Widen the Window Book Summary - Widen the Window Book explained in key points
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Widen the Window summary

Elizabeth A. Stanley

Training Your Brain and Body to Thrive During Stress and Recover from Trauma

4.8 (322 ratings)
24 mins
8 key ideas
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What is Widen the Window about?

Widen the Window (2019) is your guide to healing trauma, relieving chronic stress, and living fully in the present. Drawing on her personal experience as a military leader and building on the latest science, Elizabeth A. Stanley examines how stress and trauma impact our mind and body; how our culture incentivizes work over health; and how mindfulness can bridge the gap between our thinking brains and our bodies’ ancient survival stress response.

About the Author

Elizabeth A. Stanley is a US Army veteran, award-winning author, and associate professor of security studies at Georgetown University. She holds degrees in political science and strategy from Harvard, Yale, and MIT, and has used her experience to create the acclaimed Mindfulness-based Mind Fitness Training (MMFT), a method used to help soldiers and civilians manage high-stress situations.

Table of Contents

    Widen the Window
    summarized in 8 key ideas

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    Stress and trauma prompt the “ancient” part of our brain to engage our bodies’ natural defense systems. 

    Stress and trauma are often seen as separate issues in our culture. Often, we view stress as something to brag about — a sign of our busyness and importance. Trauma, on the other hand, is viewed as a serious, more or less permanent condition in response to a horrible event.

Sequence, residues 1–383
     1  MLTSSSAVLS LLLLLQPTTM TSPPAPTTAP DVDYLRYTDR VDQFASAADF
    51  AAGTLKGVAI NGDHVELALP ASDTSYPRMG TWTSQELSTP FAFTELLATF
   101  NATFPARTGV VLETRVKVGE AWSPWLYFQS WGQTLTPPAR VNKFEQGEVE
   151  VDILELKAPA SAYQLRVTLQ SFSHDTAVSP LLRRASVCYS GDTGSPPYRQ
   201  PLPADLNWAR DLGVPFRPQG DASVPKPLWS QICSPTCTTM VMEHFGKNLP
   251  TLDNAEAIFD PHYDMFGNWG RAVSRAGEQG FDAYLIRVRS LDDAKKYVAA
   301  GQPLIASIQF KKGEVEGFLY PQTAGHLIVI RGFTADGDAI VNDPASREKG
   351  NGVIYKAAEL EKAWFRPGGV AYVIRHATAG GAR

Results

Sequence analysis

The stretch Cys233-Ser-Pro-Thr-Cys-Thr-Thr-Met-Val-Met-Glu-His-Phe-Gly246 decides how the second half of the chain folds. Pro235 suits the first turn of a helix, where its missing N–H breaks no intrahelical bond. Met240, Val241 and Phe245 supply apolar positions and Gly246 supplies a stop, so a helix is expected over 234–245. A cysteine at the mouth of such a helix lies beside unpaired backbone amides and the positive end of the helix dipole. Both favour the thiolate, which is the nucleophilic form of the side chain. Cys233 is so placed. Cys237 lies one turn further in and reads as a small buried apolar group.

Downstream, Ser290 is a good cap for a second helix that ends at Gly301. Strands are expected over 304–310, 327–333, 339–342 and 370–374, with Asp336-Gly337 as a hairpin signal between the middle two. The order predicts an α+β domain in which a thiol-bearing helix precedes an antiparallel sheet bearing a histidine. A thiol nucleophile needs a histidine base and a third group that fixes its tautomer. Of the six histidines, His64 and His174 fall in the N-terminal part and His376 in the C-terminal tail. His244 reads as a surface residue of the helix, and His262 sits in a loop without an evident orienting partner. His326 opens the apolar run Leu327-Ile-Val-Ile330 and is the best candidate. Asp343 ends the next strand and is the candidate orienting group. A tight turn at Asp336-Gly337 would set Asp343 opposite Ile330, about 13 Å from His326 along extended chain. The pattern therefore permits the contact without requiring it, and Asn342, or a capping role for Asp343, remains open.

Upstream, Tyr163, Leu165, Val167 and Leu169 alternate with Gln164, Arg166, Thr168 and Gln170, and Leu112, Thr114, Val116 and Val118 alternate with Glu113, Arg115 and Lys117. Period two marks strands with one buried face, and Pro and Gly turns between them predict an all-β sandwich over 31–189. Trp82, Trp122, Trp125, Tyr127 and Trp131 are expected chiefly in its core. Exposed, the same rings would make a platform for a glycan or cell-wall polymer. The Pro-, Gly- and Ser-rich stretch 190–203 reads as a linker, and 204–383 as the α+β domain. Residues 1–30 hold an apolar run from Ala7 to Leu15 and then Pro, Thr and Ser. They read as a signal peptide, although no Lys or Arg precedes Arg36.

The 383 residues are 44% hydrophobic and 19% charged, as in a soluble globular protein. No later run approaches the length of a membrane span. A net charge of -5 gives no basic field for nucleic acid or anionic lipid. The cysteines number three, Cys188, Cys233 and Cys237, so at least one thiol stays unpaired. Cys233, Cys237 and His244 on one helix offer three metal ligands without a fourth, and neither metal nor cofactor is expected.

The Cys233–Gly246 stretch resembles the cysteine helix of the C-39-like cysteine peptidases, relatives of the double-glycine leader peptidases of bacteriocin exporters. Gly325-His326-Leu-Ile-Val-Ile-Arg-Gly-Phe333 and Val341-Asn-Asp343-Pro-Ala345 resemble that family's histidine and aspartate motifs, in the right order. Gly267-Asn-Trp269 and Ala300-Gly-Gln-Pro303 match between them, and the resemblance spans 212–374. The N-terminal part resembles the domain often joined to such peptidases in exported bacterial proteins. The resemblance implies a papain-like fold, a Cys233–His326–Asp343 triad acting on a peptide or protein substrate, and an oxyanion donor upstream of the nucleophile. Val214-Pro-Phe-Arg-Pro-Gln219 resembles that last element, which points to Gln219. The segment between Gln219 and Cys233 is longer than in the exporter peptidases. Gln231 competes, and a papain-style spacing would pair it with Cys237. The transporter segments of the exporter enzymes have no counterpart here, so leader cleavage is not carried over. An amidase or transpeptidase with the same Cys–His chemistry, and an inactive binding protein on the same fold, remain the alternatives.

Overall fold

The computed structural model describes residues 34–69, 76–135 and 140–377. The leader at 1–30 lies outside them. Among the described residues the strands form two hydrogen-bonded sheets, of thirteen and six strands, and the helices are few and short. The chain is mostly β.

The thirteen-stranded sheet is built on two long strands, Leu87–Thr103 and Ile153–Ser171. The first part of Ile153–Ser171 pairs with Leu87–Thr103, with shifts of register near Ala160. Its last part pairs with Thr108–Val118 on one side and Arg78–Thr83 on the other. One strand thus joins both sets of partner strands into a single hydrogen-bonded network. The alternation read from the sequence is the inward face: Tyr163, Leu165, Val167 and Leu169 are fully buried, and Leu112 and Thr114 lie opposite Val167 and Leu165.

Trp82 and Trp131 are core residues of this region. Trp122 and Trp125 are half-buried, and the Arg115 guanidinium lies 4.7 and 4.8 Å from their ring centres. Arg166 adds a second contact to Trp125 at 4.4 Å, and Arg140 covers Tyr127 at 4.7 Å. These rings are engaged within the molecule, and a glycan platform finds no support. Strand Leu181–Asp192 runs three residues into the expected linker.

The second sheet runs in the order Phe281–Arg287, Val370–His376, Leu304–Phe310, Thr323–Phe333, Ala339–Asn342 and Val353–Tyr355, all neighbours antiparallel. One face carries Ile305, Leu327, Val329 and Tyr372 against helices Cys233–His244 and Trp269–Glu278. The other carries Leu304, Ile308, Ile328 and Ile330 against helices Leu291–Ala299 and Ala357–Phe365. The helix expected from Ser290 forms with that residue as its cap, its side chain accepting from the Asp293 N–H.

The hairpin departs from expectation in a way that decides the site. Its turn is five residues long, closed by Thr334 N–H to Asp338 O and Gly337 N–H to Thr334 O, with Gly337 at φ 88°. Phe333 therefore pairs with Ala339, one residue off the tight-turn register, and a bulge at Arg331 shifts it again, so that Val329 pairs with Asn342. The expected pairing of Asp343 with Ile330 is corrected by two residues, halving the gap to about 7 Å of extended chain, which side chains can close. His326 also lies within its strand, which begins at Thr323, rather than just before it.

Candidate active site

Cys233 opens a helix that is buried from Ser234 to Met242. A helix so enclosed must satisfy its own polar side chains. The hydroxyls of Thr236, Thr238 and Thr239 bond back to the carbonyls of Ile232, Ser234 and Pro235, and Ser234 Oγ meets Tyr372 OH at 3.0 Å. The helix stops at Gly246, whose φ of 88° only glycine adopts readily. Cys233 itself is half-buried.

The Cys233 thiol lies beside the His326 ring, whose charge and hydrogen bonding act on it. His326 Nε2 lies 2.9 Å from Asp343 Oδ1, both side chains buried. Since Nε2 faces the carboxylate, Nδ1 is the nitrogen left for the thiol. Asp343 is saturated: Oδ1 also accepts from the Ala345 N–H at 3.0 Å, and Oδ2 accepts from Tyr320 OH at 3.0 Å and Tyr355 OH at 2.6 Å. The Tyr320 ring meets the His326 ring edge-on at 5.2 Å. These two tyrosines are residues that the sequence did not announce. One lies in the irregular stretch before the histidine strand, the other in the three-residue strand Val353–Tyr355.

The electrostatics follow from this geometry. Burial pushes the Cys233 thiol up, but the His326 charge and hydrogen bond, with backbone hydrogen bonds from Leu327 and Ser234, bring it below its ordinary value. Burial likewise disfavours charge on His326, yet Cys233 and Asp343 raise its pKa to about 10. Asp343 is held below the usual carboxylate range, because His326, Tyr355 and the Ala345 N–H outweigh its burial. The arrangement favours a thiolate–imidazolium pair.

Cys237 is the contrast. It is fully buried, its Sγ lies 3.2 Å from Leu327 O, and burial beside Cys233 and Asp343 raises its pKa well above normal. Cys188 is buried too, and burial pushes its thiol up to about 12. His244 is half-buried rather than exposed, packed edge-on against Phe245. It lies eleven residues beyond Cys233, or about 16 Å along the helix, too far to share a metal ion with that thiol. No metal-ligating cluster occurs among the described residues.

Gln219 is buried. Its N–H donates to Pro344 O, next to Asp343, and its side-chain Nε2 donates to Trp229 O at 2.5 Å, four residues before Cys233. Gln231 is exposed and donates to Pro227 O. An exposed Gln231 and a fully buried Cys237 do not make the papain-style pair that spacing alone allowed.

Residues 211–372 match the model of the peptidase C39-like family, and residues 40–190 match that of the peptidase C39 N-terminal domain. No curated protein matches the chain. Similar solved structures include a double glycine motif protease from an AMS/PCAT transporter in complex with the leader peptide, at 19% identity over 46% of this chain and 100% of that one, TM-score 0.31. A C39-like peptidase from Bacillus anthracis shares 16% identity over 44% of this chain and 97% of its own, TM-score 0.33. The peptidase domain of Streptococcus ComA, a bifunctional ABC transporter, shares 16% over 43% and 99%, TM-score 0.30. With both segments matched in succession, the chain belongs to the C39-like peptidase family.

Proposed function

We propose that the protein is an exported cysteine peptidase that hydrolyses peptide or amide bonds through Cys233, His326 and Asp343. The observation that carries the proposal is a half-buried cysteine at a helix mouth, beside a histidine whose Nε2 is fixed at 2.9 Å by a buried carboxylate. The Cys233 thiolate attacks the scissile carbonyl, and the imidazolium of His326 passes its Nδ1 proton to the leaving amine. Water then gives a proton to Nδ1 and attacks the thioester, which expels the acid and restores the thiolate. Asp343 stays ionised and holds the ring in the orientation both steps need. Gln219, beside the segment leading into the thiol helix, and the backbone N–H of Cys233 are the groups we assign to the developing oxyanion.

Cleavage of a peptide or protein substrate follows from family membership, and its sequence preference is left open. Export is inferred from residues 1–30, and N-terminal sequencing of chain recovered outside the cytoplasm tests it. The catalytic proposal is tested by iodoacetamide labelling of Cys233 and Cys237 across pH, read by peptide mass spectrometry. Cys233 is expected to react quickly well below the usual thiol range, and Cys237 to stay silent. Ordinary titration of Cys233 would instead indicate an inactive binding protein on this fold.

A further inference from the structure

But for your mind and body, stress and trauma lie on the same spectrum. That’s right, how you react to an angry email from your boss versus a gun to your head actually have a lot in common. Both rely on an ancient survival response of your brain — it’s just a matter of degrees.

    Your brain can be roughly divided into two parts. The surface, or neocortex, is the “thinking brain,” which enables higher cognitive functions such as thoughts, plans, and memories. These activities are mostly conscious and voluntary.

    Below the surface lies the “survival brain,” which consists of the limbic system, brainstem, and cerebellum. It exists in all mammals, regulating basic survival functions such as breathing, sleeping, and hunger — most of which are not under our conscious control.

    Most importantly, the survival brain also regulates your response to stress. It constantly scans your environment for internal or external threats in a process called neuroception. When the survival brain neurocepts a threat, it engages your Autonomic Nervous System (ANS), which controls things like hormones, heart rate, and digestion to help you deal with the situation. The ANS has two branches: the Sympathetic Nervous System (SNS), which is responsible for turning stress activation on; and the Parasympathetic Nervous System (PSNS), responsible for turning it off. 

    When stress activation is turned on by the SNS, your mind-body system runs through your three lines of defense.

    The first one is your social engagement system. Imagine yourself walking alone in a park at night when suddenly, a hooded figure blocks your path. Your first reaction would likely be to look around for other people, perhaps yelling for help. 

    Once you realize you’re all alone, your SNS resorts to your second line of defense, the fight-or-flight response. You prepare yourself to throw a punch, but when the hooded figure produces a knife, your heart jumps and you run away. 

    Now imagine that you’re not fast enough. Your attacker catches you and pins you to the ground. Your body goes slack, and your mind goes blank. This last line of defense is freeze, and it’s the one most often associated with trauma. It happens when the survival brain perceives you to be truly helpless. The stress of such trauma can get stored in your body and brain for a long time.

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    Who should read Widen the Window

    • Anyone who has suffered physical or psychological trauma 
    • People working in the military, first response, and other high stress professions
    • Overachievers, workaholics, and other “type A” personalities

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